Zadie Smith ormai si è affermata come una delle scrittrici più iconiche, rispettate dalla critica e popolari della sua generazione. E oggi, a vent'anni dal memorabile esordio di Denti bianchi, ci offre il suo primo libro di racconti, nel quale il suo potere di osservazione e la sua voce inimitabile si fondono per restituirci l'esperienza complessa, terribilmente complessa, della vita nella contemporaneità.
In queste pagine - dove sono raccolte undici storie completamente nuove e inedite assieme ad alcuni dei suoi pezzi più acclamati già pubblicati su varie riviste - proprio per cercare di renderci la complessità vertiginosa dell'esperienza odierna Zadie Smith ci regala una raccolta di narrativa favolosamente ricca e variegata.
Per questo Grand Union è una creatura insolita, che unisce tutta l'esuberanza sperimentale di una scrittrice alla scoperta di nuove forme espressive con l'abilità tecnica di una maestra al culmine delle sue capacità e che contiene allegorie, parabole, thriller speculativi e satire, distopie nonché brevi indimenticabili esempi di quella commedia sociale che è tipica della Smith.
Grand Union è il nome di uno dei canali più lunghi dell'Inghilterra, che scorre da Londra a Birmingham, con mille ramificazioni. È anche il nome di una complicata giunzione che consente ai treni che arrivano da una direzione di spostarsi in una qualsiasi delle altre tre direzioni. Ma Grand Union fu anche il nome dato alla prima bandiera degli Stati Uniti d'America, nel 1776, che combinava le strisce rosse e bianche che conosciamo oggi con una versione in miniatura della bandiera britannica
Insomma, niente è vietato e tutto - grazie allo sguardo brillante di Smith - sembra fresco e pertinente.
Grand Union è una festa per i lettori, un evento unico dove scoprire squarci del misterioso futuro che ci attende e cenni di quell'inafferrabile presente nel quale ci troviamo a vivere.
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About the Author
Date of Birth:October 27, 1975
Place of Birth:Willesden, London, England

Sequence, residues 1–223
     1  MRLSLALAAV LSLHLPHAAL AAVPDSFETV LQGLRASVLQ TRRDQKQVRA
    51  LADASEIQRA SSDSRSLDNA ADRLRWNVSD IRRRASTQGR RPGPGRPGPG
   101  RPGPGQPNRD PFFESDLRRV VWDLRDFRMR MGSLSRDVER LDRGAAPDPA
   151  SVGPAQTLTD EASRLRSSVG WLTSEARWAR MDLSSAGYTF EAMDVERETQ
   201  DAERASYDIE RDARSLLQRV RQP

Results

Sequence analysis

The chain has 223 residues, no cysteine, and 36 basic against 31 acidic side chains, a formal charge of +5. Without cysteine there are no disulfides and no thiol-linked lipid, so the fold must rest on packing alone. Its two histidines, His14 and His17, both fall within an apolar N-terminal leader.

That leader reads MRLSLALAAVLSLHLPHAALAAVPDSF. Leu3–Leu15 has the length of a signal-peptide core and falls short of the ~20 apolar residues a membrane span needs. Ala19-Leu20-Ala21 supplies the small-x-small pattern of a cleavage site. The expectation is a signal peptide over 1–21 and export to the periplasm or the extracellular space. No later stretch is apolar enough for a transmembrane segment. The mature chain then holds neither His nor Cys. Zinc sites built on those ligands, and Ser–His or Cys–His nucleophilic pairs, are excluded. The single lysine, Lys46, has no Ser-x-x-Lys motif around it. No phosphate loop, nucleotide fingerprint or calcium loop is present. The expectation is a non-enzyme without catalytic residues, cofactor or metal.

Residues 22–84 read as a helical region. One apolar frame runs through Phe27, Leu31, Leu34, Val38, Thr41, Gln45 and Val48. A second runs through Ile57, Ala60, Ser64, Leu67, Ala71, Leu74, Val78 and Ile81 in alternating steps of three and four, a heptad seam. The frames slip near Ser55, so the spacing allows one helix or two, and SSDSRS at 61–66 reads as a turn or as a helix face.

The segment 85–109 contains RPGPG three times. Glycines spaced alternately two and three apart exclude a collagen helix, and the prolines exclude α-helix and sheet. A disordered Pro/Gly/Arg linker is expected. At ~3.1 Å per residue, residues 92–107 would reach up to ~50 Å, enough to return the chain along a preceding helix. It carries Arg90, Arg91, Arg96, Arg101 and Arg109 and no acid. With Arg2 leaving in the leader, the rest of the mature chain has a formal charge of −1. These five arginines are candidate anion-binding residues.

Education:B.A. in English, King's College at Cambridge University, 1998
Read an Excerpt
"I would like to be on good terms with all animals," remarked the woman, to her daughter. They were sitting on the gritty beach at Sopot, looking out at the cold sea. The eldest boy had gone to the arcade. The twins were in the water.
"But you are not!" cried the daughter. "You are not at all!"
It was true. What the woman had said was true, in intention, but what the girl had said was true, too, in reality. The woman, though she generally refrained from beef, pork, and lamb, ate-with great relish-many other kinds of animals and fish, and put out flypaper in the summer in the stuffy kitchen of their small city apartment and had once (though her daughter did not know this) kicked the family dog. The woman had been pregnant with her fourth child, at the time, and temperamental. The dog seemed to her, at that moment, to be one responsibility too many.
"I did not say that I am. I said that I should like to be."
The daughter let out a cruel laugh.
"Words are cheap," she said.
Indeed, at that moment the woman held a half-eaten chicken wing in her hand, elevated oddly to keep it from being covered in sand, and it was the visible shape of the bones in the chicken wing, and the tortured look of the thin, barbecued skin stretched across those bones, which had brought the subject to mind.
"I dislike this place," said the daughter, definitively. She was glaring at the lifeguard, who had once again had to wade into the murk to tell the only bathers-the girl's own brothers-not to go past the red buoy. They weren't swimming-they could not swim. There were no waters in the city in which to take lessons, and the seven days they spent in Sopot each year was not long enough to learn. No, they were leaping into the waves, and being knocked over by them, as unsteady on their feet as newborn calves, their chests gray with that strange silt which fringed the beach, like a great smudge God had drawn round the place with a dirty thumb.